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Baltimore lawmaker could be deciding vote

State Senate debate on same-sex marriage bill expected to start Feb. 22

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A Maryland State senator from Baltimore has said she would cast the deciding vote in favor of a same-sex marriage bill if supporters are just one vote short of passing the measure, according to sources familiar with the legislation.

Sen. Joan Carter Conway (D-Baltimore City) has emerged as the likely deciding vote, even though she has yet to publicly disclose how she would vote on the Religious Freedom and Civil Marriage Protection Act, which calls for allowing lesbian and gay couples to marry in Maryland.

“She made a statement earlier saying that she would cast the deciding vote if the votes were there,” Josh Hastings, Conway’s legislative assistant, told the Blade Friday. “But she didn’t think the votes were there. That was like two weeks ago.”

Sources familiar with the legislation say the number of confirmed votes for the bill reached 23 on Thursday, when Sen. Jim Brochin (D-Baltimore County) disclosed he would vote for the measure. Twenty-four votes are needed to pass legislation in Maryland’s 47-member Senate.

Conway shares the same legislative district as lesbian House of Delegates member Maggie McIntosh (D-Baltimore City).

Sen. Jamie Raskin (D-Montgomery County), a co-sponsor of the marriage bill, told the Blade Friday that he heard Conway say she would vote for the bill if her vote was needed to secure its passage.

Raskin said the Senate Judicial Proceedings Committee, which held an all-day hearing on the bill on Tuesday, was scheduled to vote on the bill Feb. 17. He said the committee could also vote on amendments to the bill on the same day if committee members decide to introduce one or more amendments.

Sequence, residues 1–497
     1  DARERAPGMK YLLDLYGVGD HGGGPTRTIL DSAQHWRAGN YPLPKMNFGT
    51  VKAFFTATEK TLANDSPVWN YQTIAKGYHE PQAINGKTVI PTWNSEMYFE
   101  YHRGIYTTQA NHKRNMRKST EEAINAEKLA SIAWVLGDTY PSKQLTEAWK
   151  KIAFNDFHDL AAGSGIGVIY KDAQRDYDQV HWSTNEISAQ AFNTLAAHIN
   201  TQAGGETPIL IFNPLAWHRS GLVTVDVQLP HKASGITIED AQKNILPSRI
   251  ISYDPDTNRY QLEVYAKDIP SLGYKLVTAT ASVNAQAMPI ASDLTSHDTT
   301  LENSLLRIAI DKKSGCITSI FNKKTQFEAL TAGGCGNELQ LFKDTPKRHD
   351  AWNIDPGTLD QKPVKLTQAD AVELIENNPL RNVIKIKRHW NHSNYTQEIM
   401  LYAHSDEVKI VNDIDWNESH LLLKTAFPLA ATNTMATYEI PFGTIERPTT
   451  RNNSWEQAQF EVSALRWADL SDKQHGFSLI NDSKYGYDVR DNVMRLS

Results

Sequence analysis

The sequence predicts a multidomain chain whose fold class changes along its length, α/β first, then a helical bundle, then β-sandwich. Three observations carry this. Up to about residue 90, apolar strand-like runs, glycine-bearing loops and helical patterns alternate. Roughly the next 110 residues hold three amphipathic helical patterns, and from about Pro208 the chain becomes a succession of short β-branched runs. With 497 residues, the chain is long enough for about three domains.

He said the full Senate was expected to begin debating the bill on Feb. 22, with a vote likely to take place the next day following two full days of debate.

According to Raskin, it has been more difficult for the bill’s supporters to line up the 24 votes needed to pass the bill than it has for obtaining the 29 votes needed to stop an expected filibuster.

“What’s interesting is it’s really been easier for us to get to 29 than to get to 24,” he said. “There are a number of senators who on principle feel that legislation should not be blocked by filibuster. There are also a number of moderate Democrats who, for whatever reason, cannot bring themselves to vote for marriage but are able to tell pro-marriage constituents that they will not stand in the way of a vote.”

Senate President Thomas V. “Mike” Miller (D-Prince Georges and Calvert Counties) has taken such a position, saying he will vote against the marriage bill while voting for cloture to end a filibuster.

“I think he will bring a number of other senators with him in his wake,” Raskin said.

Political observers in the state capital in Annapolis have said support for the marriage bill is stronger in the House of Delegates, which is expected to pass the bill by a wider margin in March. Gov. Martin O’Malley has said he would sign the measure.

In a related development, the Judicial Proceedings Committee Thursday released a list of witnesses who signed up to testify for or against the marriage bill at a packed public hearing in Annapolis on Tuesday.